A guide to deposit protection schemes

As a landlord there are plenty of different rules and regulations that you need to think about in order to rent out your property. One of the biggest of these are Deposit Protection Schemes (DPS) but what are these schemes and why is it so vital that you have an awareness and understanding of how they work?

What is DPS?

When you rent a property, whether privately or through a letting agent, then you will have most likely been asked to pay a deposit. This deposit will depend on the property that you are renting as well as the agreement that you have with the landlord or agent. The important thing is the way the deposit is handled.

Any property that has been rented after the 6th April 2007 requires the landlord to place the paid deposit it a tenancy deposit scheme which is government backed.

There are a variety of different schemes out there that the landlord can decide to use, however, it has to be recognised and backed by the Government. As a landlord, you are also responsible for advising the tenant where their deposit is held and how they can raise a dispute should they require it later on in the process.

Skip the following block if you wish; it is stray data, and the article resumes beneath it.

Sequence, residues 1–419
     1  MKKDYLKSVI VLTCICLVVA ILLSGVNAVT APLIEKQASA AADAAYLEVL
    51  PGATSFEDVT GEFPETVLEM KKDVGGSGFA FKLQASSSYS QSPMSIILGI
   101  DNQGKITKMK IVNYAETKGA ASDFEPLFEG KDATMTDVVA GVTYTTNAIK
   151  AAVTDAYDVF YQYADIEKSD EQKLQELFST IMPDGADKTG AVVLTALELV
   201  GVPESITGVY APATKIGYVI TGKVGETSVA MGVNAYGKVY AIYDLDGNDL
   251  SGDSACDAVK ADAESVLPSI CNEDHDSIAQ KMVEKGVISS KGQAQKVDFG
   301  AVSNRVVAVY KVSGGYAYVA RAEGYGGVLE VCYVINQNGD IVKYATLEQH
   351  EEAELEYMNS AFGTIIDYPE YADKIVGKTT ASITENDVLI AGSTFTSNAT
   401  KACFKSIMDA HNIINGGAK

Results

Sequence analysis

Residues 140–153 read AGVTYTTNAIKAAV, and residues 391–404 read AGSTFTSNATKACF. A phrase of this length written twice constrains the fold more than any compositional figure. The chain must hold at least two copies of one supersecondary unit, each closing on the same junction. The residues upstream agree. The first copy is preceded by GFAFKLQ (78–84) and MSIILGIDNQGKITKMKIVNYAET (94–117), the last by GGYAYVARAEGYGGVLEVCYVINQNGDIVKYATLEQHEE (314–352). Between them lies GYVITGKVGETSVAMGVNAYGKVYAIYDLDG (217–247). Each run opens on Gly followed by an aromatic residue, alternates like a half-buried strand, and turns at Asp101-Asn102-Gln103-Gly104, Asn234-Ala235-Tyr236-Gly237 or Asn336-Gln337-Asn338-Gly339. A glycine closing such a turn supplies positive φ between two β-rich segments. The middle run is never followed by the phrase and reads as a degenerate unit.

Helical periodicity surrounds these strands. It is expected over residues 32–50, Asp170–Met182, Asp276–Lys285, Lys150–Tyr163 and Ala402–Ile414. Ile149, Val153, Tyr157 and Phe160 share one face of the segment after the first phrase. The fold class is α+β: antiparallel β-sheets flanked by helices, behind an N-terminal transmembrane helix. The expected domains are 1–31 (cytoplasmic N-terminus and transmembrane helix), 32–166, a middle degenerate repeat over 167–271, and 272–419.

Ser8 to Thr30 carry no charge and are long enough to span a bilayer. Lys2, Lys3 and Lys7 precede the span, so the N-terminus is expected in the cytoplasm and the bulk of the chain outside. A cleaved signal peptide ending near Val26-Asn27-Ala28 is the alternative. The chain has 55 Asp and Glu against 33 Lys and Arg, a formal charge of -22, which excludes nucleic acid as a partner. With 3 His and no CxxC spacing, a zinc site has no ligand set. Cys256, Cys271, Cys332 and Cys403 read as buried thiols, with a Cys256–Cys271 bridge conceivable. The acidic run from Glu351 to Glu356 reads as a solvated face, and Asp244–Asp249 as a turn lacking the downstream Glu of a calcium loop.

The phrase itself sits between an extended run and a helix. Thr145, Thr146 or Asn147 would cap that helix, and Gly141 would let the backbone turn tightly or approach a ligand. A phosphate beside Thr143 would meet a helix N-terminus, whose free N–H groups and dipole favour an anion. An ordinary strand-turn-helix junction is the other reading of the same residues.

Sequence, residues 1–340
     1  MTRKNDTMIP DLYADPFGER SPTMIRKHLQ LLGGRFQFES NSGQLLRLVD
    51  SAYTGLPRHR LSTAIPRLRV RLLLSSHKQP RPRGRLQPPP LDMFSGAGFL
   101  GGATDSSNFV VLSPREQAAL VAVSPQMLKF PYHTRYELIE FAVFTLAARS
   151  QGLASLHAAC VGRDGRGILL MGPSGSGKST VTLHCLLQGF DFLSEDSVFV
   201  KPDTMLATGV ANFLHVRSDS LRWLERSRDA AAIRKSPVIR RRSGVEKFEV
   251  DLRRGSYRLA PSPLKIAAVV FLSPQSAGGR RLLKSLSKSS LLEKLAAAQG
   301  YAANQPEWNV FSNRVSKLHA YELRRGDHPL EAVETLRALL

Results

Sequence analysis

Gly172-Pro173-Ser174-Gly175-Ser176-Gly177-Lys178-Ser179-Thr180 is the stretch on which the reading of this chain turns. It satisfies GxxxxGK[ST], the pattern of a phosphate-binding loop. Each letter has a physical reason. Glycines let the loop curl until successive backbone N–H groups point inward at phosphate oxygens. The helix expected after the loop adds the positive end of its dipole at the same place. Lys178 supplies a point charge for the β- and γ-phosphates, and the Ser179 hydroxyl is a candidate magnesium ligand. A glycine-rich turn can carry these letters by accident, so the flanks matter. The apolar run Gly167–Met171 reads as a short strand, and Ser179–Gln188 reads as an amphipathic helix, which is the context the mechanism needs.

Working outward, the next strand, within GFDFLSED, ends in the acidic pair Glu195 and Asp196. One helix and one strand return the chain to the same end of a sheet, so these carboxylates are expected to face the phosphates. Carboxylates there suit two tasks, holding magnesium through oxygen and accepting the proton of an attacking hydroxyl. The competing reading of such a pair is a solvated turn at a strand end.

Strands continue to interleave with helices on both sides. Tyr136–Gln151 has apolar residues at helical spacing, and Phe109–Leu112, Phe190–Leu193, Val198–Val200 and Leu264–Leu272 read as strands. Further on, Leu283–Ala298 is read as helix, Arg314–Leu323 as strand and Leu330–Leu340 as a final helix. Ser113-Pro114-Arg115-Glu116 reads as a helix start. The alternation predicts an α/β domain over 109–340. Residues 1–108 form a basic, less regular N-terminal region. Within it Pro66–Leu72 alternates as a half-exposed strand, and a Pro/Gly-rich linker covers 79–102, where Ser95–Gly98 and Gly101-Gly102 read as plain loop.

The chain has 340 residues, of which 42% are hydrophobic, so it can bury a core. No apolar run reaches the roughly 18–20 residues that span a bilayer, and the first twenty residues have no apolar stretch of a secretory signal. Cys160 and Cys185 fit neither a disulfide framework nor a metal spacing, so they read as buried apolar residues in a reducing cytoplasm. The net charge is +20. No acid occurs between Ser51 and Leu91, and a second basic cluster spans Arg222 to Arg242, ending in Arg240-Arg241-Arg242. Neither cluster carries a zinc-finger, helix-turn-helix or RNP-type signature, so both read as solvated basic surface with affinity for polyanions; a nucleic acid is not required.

Why do you need it?

The idea behind a deposit is that it is a sum of money paid by the tenant to ensure that they look after and maintain the property whilst they rent it from you. If there are any problems when they leave the property such as overdue rent or damage, then the deposit can be withheld in order to meet the costs paid out by the landlord or the letting agent.

Without a deposit being paid into a DPS the landlord is liable, not the tenant. A tenant can seek legal advice as to whether or not their landlord has acted correctly, and if they haven’t then regardless of the situation the landlord will need to either repay the deposit back to the tenant or find a DPS that they can place it into.

In some circumstances, a landlord may also find that the court order them to pay out as much as three times the deposit that the tenant paid, back to the tenant, all within 14 days of them making the order.

If this wasn’t enough to convince you, then it is important to remember that you always want to be seen in a good light. Whilst being a landlord isn’t a job as such, it is something that you should approach seriously and want to do properly. Not only will this help you along the way but will also ensure that your tenants see you as a landlord that they want to continue to rent with.

As you can see, DPS is an incredibly important part of letting out a property and is a part of the process that you should never ignore. Not only does it protect you, but also your tenants too, making sure that you are taking the first steps towards being the very best landlord that you can be.

Need further info on this or any letting related matter? Please contact Cooper Adams